SAN DIEGO, June 6 (UPI) -- A California judge Thursday fined cigarette maker R.J. Reynolds Tobacco $20 million for violating the nationwide legal agreement between the tobacco industry and 46 states to point cigarette advertising away from teenagers and other minors.
San Diego County Superior Court Judge Ronald Prager ruled that Reynolds, the nation's second-largest tobacco company, did not make any changes to its advertising campaign in order to reduce youth exposure to its advertising.
"When hundreds of your customers die every day, the only way to stay in business is to hook new ones," California Attorney General Bill Lockyer declared in statement. "Targeting children in the quest for new customers is unlawful and will not be tolerated in California."
Lockyer, along with his counterparts in New York, Connecticut, Pennsylvania and Maryland, alleged in its case that Reynolds violated the prohibition of the 1998 Master Settlement Agreement with the tobacco industry by placing cigarette ads in magazines with large numbers of teenage readers, including Sports Illustrated, Spin, Hot Rod and Rolling Stone.
Shares of R.J. Reynolds lost $1.08, or 1.55 percent, to close Thursday at $68.71 on moderate volume of 470,500 shares traded on the New York Stock Exchange. Based in Winston-Salem, N.C., the company's brands include Winston, Camel and Doral.
A Reynolds executive called Lockyer's action "politically correct," but also called it an act of censorship aimed at undermining the company's ability to use legitimate marketing to reach adult smokers.
"The state did not produce any evidence that Reynolds Tobacco 'targets' minors," said Reynolds Vice President Tommy Payne. "Quite the contrary. The state conceded in sworn statements that Reynolds Tobacco has no specific intent to target cigarette advertising to youth, and does not purposefully attempt to expose youth to cigarette advertising."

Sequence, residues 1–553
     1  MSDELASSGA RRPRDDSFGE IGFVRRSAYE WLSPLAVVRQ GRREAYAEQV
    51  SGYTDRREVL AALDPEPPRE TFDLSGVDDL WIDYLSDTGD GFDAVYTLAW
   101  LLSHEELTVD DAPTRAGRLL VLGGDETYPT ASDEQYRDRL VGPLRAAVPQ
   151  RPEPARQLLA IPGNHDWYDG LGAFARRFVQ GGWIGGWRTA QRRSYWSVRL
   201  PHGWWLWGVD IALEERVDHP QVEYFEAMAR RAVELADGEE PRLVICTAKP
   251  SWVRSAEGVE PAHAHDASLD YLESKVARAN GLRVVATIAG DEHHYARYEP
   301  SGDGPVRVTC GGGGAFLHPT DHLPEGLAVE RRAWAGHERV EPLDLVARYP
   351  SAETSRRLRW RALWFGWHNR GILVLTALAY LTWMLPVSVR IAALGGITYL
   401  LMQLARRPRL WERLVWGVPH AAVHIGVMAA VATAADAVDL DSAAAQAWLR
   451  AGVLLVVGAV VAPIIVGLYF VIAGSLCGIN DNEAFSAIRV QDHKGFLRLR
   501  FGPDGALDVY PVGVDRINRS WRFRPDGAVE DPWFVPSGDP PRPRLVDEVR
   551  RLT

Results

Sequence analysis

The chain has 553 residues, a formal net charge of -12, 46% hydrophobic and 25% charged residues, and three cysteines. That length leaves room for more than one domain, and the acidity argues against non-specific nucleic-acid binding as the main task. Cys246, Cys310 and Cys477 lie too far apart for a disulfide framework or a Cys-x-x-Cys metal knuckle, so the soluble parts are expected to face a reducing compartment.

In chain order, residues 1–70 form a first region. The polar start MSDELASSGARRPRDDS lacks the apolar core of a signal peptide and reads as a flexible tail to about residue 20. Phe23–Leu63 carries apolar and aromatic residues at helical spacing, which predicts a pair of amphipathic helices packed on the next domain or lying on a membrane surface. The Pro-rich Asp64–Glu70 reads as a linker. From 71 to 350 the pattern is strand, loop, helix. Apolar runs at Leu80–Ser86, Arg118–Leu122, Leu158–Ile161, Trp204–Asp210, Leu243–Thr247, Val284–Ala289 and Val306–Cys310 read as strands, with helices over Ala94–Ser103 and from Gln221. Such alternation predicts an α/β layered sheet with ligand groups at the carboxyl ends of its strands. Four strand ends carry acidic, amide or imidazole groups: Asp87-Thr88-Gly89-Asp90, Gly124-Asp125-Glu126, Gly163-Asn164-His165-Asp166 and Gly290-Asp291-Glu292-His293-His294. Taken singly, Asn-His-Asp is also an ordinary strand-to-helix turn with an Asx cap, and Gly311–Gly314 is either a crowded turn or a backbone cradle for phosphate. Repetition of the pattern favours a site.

"It defies common sense for a court to find that Reynolds Tobacco's placement of cigarette ads in magazines with a minimum of 75 percent adult readership 'targets' kids simply because they might see the publication," he added, declaring that the companies will appeal the ruling unless the decision is set aside.
"This lawsuit and today's decision unilaterally rewrite that contract and establish the precedent of censorship of legitimate information and competition for adults who choose to smoke cigarettes," Payne said. "Should this decision stand, we intend to appeal."
But anti-smoking activists hailed the ruling for upholding provisions in the master agreement that prohibit both direct and indirect efforts to market tobacco to juveniles.
"Since the 1998 settlement, there has been growing evidence that the tobacco industry has systematically violated both the spirit and the intent of the prohibition on targeting youth through continued advertising in youth-oriented magazines, convenience stores, and other venues effective at reaching kids," said Matthew L. Myers, president of the Campaign for Tobacco Free Kids.
(Reported by Hil Anderson in Los Angeles)